The Dept. of Homeland Security program to provide grants to ports around the country has a variety of flaws and has not measured up to its goal of tightening security, according to a new, critical report from the department's inspector general's office.
Only 21% of the $515 million in grants awarded to port authorities and companies with portside facilities through December 2003 actually had been spent as of last Sept. 30, says the IG report, released Feb. 16. Moreover, hundreds of projects got grants "despite dubious scores by its evaluators against key criteria," the report says. The IG report said that "the majority of projects have not been completed and the program has not yet achieved its intended results in the form of actual improvement to port security."
The study (available at www.dhs.gov/interweb/assetlibrary/OIG_05-10_Jan05.pdf) also says that "the current design of the program compromises the program's ability to direct resources toward the nation's highest priorities," but a DHS official disputed that contention.
Physical improvements, such as fences, barriers and screening and detection equipment, got the largest share of the port security grants in the first three rounds, $172 million, or 39% of the total awarded as of December 2003, the report says. Vulnerability assessments received $8 million, or about 2% of the total.
The study says that officials intended to award as much of the appropriated port security grant aid as possible, noting that in the third round of grants, officials who selected the grantees capped the amount recipients could get, "in order to reach more applicants and projects" The IG report says that the officials at the department's Transportation Security Administration said that practice "caused the program to move away from funding large and more expensive projects toward funding a multitude of smaller, less costly projects."
In the second and third grant rounds, 32% of the 811 projects were rated "below average or worse" by the department's National Review Board, one of the evaluating bodies, the study says..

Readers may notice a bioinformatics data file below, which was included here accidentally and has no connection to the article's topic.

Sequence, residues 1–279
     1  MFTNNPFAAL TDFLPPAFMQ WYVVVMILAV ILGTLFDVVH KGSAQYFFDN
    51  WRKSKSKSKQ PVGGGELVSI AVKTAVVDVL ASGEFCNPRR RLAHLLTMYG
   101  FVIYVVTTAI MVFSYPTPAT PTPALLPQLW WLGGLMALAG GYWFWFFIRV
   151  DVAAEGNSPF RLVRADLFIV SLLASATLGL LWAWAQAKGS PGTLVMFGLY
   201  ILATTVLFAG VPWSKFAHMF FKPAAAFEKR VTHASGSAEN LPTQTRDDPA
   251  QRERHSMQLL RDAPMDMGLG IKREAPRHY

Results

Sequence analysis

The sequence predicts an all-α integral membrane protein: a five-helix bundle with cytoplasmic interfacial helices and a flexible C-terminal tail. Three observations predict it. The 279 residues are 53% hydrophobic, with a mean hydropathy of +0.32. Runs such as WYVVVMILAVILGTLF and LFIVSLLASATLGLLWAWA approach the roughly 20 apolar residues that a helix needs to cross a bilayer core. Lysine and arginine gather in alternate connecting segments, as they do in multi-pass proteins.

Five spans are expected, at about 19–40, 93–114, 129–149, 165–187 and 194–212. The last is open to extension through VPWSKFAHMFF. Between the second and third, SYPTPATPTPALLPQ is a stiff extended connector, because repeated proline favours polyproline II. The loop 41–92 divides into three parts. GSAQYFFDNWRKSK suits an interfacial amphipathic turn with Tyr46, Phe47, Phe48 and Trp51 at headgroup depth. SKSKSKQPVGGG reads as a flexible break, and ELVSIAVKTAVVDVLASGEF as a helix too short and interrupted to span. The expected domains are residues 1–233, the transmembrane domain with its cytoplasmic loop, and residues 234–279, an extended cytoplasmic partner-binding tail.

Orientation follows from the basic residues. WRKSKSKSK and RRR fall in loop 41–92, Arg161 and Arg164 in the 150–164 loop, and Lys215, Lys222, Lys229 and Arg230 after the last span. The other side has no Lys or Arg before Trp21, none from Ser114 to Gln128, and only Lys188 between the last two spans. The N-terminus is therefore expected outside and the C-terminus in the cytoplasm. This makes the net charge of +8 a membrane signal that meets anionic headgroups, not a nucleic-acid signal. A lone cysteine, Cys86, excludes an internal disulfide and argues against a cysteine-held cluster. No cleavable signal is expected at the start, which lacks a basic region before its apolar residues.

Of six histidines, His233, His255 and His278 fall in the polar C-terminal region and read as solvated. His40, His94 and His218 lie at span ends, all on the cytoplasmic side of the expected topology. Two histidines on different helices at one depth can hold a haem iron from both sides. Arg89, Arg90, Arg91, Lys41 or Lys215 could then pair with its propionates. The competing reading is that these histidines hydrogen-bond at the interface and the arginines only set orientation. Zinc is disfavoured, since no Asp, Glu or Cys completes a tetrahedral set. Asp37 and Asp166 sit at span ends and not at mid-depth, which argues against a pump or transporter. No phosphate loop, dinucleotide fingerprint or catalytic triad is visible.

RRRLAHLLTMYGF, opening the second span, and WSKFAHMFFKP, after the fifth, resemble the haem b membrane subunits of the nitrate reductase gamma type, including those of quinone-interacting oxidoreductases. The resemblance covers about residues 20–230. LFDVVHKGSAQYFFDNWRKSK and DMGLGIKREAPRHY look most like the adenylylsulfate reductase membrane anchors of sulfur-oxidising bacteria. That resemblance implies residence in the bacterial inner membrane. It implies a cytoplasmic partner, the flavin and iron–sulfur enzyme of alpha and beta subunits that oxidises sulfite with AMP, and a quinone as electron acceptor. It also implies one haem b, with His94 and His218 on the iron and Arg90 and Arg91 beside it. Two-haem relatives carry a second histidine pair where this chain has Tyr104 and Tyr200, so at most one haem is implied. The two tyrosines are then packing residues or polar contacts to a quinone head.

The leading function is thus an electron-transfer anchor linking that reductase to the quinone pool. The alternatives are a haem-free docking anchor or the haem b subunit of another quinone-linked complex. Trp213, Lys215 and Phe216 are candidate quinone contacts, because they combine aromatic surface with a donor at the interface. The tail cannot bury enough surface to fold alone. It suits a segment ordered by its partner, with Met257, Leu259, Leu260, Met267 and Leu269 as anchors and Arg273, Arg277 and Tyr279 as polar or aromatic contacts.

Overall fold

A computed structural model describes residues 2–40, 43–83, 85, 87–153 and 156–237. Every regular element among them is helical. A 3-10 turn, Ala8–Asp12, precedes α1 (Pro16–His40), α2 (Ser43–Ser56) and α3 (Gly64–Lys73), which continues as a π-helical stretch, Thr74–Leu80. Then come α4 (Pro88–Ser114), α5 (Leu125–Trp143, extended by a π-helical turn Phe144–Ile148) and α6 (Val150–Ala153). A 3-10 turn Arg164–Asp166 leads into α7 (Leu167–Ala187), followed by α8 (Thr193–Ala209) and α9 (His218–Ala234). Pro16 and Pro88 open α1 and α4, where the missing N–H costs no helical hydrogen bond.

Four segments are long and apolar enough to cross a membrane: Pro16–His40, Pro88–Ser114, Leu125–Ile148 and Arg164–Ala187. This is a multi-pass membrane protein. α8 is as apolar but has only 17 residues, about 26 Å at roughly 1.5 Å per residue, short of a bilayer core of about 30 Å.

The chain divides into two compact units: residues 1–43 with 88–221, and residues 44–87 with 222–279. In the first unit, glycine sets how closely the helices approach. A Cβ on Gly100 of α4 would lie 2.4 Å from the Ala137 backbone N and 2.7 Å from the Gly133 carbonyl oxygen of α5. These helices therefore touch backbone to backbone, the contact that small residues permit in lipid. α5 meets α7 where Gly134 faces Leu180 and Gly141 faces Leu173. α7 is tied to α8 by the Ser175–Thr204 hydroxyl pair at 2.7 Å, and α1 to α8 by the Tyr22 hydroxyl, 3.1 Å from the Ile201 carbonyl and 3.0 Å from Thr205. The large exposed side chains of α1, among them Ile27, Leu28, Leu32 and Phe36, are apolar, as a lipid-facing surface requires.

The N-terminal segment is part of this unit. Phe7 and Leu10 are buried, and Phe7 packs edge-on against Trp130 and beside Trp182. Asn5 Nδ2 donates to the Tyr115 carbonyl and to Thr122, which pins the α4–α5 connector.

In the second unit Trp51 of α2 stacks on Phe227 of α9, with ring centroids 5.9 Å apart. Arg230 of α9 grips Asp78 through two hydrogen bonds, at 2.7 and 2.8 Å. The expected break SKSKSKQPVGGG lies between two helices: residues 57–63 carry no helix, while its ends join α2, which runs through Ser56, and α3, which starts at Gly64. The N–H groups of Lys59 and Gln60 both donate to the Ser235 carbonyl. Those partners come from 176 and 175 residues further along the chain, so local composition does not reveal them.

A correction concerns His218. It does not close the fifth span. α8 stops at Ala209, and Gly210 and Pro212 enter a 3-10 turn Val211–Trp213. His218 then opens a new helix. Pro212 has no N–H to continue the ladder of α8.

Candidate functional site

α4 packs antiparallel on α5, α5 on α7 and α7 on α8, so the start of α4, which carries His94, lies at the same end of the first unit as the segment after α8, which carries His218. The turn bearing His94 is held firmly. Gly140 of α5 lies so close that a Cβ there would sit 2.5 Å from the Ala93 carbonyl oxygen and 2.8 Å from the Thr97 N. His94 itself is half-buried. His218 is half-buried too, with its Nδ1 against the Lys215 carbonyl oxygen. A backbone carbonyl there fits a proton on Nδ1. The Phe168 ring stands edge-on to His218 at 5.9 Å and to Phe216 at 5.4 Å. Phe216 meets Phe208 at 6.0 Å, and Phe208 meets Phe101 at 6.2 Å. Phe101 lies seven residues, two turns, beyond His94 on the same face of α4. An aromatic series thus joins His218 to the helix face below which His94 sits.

Last year, the TSA's port security grant program was among several areas that were transferred and combined into DHS's Office of State and Local Government Coordination and Preparedness. In a formal response to the IG's report, Anna F. Dixon, director of liaison with the IG and the Government Accountability Office in DHS's office of the chief financial officer, said that officials at various DHS units are working "to re-evaluate all aspects of the program in order to streamline the application process and ensure that funds are allocated to the highest port security priorities."
In fiscal 2005, Congress appropriated $150 million for the port security grant program. That money will be administered by the DHS's State and Local Government Coordination and Preparedness office.
Dixon's comments, included as an appendix to the report, also indicated that DHS concurred with 11 of the IG's 12 recommendations for improving the port grant program. She said DHS didn't agree with the IG's recommendation that the department only fund "Priority 1" port projects and set up a threshold score below which projects wouldn't get funded. Dixon said that in one type of port security grants--the $75 million awarded under the Urban Area Security Initiative--TSA identified ports by their passenger and freight volume or tonnage, or other such measurements. "Nevertheless," Dixon added, "the department believes that the problems noted with the [fiscal year] 2003 process will not recur."